How these Kirkland teens are bringing global awareness to child marriage

KIRKLAND — They may still be in middle school, but two Kirkland eighth graders are already getting global recognition for their work as amateur filmmakers bringing awareness to child marriage.

What started as a homework assignment quickly became an online appeal to put an end to the global practice. And at just 13 years old, Kirkland Eastside Prep eighth graders Eva Chen and Alice Feng recognize the harms connected to a child marriage and the challenges in ending it altogether.

“The whole experience, this ongoing problem, has resonated pretty deeply in us,” Eva told KIRO 7. “Now that I’m definitely more informed, I think I in the future, I really want to take action about it.”

It’s not a topic they initially sought out. Rather, they came across during research for a class project about population growth.

They said they were stunned by the number of child marriages that occur every day -- more than 40,000.

So, they made a video to raise awareness, using only an iPad to create it. The video was edited by Alice, while all the artwork was drawn by Eva.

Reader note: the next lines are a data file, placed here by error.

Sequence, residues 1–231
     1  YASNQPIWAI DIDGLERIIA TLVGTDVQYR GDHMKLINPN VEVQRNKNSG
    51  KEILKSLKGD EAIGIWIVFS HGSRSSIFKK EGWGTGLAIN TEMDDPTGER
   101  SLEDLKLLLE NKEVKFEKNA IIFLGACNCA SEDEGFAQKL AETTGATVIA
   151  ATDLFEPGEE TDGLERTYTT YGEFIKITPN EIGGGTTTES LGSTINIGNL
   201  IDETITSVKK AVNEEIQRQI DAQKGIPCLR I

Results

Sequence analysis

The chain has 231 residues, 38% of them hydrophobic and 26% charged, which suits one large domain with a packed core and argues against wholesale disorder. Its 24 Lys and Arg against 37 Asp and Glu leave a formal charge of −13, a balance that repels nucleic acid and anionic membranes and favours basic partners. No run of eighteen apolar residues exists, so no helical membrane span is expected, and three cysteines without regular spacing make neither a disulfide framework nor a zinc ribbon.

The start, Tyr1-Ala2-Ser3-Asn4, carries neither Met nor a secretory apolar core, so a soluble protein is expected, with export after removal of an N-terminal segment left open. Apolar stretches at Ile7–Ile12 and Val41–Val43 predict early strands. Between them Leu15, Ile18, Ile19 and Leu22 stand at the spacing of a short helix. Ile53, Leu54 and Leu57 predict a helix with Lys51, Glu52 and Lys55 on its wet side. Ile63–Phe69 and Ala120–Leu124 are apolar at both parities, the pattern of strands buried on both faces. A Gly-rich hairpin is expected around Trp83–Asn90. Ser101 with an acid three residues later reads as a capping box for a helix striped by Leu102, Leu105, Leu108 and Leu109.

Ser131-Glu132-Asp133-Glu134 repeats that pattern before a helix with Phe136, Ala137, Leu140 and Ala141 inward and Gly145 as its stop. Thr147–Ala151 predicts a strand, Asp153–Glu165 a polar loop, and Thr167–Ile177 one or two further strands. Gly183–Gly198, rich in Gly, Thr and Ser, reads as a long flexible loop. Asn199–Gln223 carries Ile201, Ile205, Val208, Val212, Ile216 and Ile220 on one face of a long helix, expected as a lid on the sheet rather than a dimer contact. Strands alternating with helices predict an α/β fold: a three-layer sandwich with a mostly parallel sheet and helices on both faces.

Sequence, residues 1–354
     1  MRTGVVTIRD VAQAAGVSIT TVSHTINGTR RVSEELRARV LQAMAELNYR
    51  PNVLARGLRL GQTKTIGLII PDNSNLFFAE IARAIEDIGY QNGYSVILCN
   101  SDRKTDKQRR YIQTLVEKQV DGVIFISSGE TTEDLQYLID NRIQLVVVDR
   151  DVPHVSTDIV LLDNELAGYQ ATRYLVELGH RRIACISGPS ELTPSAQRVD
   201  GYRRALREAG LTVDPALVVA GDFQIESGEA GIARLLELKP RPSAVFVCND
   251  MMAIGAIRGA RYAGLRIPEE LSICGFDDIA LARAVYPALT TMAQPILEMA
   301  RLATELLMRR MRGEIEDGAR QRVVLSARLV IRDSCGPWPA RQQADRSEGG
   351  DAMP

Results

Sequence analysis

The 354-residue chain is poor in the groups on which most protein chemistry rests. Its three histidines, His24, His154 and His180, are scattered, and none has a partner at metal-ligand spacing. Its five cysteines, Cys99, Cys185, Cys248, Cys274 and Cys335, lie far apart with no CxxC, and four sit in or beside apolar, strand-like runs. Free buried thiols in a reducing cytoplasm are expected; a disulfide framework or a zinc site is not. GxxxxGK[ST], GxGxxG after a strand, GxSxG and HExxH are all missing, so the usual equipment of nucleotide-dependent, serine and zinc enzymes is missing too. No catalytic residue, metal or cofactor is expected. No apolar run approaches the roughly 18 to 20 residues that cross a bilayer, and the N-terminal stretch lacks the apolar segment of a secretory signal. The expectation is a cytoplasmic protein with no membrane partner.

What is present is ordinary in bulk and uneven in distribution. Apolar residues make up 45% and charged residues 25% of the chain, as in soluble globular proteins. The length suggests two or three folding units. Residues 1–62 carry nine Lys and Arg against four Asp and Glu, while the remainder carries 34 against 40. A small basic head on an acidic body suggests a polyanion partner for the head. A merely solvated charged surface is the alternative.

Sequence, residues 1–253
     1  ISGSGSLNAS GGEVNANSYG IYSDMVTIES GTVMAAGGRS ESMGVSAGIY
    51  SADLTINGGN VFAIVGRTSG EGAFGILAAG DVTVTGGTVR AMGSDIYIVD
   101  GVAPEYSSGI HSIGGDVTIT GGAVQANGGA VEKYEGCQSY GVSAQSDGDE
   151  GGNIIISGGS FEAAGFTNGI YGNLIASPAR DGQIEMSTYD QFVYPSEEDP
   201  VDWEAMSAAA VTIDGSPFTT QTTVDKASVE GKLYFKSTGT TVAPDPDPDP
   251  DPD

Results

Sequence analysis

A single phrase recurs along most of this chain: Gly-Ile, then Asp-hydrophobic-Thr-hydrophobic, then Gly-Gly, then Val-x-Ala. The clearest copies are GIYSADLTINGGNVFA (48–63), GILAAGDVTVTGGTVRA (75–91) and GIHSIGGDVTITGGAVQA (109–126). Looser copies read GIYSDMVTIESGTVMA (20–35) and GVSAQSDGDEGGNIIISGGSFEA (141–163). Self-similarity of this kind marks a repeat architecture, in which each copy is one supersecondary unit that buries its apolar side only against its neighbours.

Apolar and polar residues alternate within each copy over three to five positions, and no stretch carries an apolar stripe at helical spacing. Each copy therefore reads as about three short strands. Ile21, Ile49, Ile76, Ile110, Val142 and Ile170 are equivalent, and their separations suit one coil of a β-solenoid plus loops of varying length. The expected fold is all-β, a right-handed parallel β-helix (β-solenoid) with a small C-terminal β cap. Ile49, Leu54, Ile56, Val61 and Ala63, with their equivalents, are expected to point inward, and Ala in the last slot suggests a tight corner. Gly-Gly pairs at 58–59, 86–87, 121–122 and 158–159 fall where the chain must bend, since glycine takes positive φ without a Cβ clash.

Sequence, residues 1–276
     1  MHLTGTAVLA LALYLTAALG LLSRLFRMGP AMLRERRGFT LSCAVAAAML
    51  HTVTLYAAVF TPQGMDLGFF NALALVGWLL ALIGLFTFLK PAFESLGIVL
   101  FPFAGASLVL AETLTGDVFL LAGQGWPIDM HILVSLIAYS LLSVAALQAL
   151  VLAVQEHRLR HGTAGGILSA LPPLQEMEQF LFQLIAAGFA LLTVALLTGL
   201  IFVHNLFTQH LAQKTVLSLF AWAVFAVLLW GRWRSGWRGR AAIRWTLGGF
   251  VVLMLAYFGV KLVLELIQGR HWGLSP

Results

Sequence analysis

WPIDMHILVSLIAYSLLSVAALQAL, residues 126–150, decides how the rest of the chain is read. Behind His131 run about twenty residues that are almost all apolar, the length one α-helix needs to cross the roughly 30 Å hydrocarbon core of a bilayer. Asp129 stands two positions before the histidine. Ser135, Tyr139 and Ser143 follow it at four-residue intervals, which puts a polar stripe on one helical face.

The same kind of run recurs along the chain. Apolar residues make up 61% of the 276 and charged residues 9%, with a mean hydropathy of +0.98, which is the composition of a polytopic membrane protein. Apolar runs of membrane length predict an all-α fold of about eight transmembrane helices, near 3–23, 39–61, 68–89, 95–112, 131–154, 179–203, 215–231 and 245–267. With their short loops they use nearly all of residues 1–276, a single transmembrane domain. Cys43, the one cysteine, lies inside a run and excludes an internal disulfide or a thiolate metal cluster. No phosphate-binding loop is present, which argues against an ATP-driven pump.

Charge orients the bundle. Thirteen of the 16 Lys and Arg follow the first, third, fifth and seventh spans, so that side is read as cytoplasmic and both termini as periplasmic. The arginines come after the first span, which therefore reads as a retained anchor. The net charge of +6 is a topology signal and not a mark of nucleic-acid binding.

“I was staying up really late, and my parents were knocking on my door and being like, ‘you need to go to sleep,’” Eva recalled. “But I just wanted to draw.”

Her artwork details the generational impact of child marriages, with higher birth rates and significant lags in education and earnings, most often in for girls.

“So it’s just a continuous cycle of birth and poverty,” Alice said. “You can’t leave even if you want it to.”

“I can’t assume that every child marriage is controlling and unhealthy,” she continued. “But I can say that once you marry a child off to an adult, especially in low income countries -- where girls are more often seen as property or objects, there’s definitely a large power gap.”

They tell KIRO 7 that even as eighth graders, they recognize their own educational privilege, and want that for other young women across the globe.

That’s what motivated them to get their video out into the world.

“I realized that we did have the tools and skills to get something -- a message -- out there,” Alice said. “And I think realizing that and achieving that is something that’s distinctive in my life and I’m pretty proud of it.

They submitted their video to an international competition called the “World of 8 Billion” contest. They eventually won, beating out more than 3,000 other entries from all over the world.

The girls say they’re grateful for this win, but that there’s still work to do. And that begins in the classroom.

“Supporting girls’ education is vital as well,” Alice said. “This will grant them more reproductive autonomy, income and control over their futures.”

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